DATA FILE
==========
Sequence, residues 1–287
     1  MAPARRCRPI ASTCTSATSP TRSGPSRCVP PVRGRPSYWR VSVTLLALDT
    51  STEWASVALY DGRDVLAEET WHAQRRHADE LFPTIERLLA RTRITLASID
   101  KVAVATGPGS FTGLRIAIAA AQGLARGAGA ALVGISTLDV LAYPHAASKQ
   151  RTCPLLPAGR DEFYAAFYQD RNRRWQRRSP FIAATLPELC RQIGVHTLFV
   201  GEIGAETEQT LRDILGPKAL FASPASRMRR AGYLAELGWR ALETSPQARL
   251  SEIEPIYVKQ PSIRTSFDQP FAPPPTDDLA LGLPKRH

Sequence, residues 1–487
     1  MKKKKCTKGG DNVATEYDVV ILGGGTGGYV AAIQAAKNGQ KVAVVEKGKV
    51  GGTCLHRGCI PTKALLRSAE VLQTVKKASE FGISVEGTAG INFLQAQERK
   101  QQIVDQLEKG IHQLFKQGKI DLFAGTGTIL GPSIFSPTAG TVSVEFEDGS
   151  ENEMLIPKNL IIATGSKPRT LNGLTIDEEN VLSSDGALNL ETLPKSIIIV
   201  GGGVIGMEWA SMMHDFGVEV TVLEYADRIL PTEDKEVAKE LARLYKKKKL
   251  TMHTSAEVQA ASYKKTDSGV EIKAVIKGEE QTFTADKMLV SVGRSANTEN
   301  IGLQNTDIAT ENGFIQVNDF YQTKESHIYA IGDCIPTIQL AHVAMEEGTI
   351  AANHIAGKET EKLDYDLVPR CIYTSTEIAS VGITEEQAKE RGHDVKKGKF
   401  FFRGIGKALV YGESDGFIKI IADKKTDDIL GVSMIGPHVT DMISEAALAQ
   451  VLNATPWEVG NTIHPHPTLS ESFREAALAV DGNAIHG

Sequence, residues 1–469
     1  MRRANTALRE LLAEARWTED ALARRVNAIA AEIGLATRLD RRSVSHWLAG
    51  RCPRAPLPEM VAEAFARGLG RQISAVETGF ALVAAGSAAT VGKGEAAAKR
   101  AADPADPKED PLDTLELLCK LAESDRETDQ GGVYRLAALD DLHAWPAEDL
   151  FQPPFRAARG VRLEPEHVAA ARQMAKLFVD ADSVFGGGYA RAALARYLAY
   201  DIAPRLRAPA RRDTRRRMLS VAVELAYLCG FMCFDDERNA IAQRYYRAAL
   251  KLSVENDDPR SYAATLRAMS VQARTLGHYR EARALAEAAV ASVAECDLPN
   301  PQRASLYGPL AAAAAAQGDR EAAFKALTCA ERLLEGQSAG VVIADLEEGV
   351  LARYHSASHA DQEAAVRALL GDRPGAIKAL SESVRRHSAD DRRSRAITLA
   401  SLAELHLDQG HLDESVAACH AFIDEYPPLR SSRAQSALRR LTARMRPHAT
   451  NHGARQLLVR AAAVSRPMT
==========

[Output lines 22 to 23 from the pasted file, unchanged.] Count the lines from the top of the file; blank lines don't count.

   101  AADPADPKED PLDTLELLCK LAESDRETDQ GGVYRLAALD DLHAWPAEDL
   151  FQPPFRAARG VRLEPEHVAA ARQMAKLFVD ADSVFGGGYA RAALARYLAY